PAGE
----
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Behind the Candelabra’ puts Liberace’s personal life in the spotlight

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The Details

BEHIND THE CANDELABRA
Three and a half stars
May 26, 9 p.m., HBO

The Weekly recently named Liberace the greatest Las Vegas headliner of all time, but you won’t learn much about his Vegas legacy by watching the HBO biopic Behind the Candelabra, which focuses mostly on the musician’s personal life, specifically his five-year relationship with assistant/live-in lover Scott Thorson (it’s based on Thorson’s book of the same name). Not that the movie doesn’t give a sense of Liberace’s talent as a performer; director Steven Soderbergh shot in the LVH theater where Liberace performed during the late ’70s and early ’80s, and he effectively re-creates the spectacle that wowed audiences night after night. But the performances are background details for the story of Liberace’s profoundly dysfunctional relationship with Scott.

The fresh-faced Scott (Matt Damon) is mesmerized as soon as he takes in one of Liberace’s shows, and once he meets the man himself (Michael Douglas) backstage, he essentially doesn’t leave his side for the next five years. It’s a clearly unequal dynamic, with the naïve kid from a troubled background being seduced and spoiled by the multi-millionaire superstar. But while the movie has plenty of the familiar elements of the showbiz biopic (drugs, financial excess, shady hangers-on), it’s also very distinct to its particular time, place and characters. Working from a script by Richard LaGravenese, Soderbergh crafts an entertaining, affecting and ultimately tragic dual character study. While Liberace comes off as callous and manipulative, Soderbergh also shows how he’s in an impossible position, forced to vehemently deny his homosexuality in order to maintain his fanbase.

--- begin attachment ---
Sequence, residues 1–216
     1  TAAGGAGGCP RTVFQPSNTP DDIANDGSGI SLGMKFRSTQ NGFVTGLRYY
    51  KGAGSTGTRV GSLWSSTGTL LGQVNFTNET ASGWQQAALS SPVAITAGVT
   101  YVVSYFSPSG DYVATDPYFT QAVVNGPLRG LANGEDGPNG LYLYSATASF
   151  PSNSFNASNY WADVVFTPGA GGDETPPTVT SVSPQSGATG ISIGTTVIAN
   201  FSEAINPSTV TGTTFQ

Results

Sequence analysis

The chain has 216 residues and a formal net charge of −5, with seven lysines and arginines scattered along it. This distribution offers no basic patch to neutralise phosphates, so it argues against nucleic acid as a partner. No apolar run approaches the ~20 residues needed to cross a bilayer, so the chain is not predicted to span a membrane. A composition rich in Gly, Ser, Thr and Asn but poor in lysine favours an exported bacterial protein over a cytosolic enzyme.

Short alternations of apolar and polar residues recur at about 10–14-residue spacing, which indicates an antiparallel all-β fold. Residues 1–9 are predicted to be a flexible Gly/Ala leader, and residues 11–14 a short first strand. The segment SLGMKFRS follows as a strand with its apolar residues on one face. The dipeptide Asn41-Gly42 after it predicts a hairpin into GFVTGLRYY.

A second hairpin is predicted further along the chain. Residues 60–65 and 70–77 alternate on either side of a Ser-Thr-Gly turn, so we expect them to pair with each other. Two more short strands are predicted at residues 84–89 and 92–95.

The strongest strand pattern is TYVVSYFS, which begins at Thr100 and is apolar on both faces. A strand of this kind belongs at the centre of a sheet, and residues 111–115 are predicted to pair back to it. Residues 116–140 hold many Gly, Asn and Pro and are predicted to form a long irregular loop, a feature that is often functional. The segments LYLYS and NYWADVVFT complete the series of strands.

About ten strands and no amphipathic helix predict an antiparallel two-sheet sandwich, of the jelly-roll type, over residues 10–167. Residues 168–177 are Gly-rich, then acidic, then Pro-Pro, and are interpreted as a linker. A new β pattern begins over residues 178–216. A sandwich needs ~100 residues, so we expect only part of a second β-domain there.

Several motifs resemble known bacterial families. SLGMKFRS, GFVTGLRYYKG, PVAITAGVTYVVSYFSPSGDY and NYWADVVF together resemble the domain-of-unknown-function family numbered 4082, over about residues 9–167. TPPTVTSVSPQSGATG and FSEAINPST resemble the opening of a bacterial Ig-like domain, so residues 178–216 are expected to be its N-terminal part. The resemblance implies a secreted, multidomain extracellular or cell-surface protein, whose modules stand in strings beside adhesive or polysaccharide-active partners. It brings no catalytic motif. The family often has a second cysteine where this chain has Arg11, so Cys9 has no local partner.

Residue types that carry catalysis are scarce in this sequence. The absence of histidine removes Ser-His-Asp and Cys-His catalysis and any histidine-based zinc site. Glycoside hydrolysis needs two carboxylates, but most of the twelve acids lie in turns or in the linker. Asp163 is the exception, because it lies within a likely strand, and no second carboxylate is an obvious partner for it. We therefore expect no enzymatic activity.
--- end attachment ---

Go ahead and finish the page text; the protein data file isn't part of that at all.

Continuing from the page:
Damon is 20 years older than Thorson was during his relationship with Liberace, and that alters the perception of the character a bit, but he still does a remarkable job of showing Scott’s progression from wide-eyed innocent to strung-out cynic, without losing the charm that made Liberace take notice of him in the first place. Douglas has a tough balancing act in his performance as such a recognizable figure, and his mix of Liberace’s signature speaking voice along with his own gravelly tones doesn’t always work. Damon gets more freedom, and as such Scott comes off as a more well-rounded person, more open and vulnerable in the movie’s most emotional scenes.

Some of the supporting characters are a little cartoonish, and the story keeps going a little too long after it should have wrapped up. But Soderbergh knows how to capture a series of perfectly calibrated moments, offering up even the most clichéd interactions in a striking, inventive way. Behind the Candelabra may not be the best showcase of Liberace as an entertainer, but it’s a great showcase for him as a human being.

Other Las Vegas icons who deserve full-film treatment—and the folks who should play them

Colin Farrell as Andre Agassi in Backhanded Compliment

Paul Giamatti as Oscar Goodman in Martinis With the Mob

Shia LaBeouf as Brandon Flowers in Smile Like You Mean It

William H. Macy as Harry Reid in Why So Serious?

Penn and Teller as Siegfried and Roy in Use Your Illusion III

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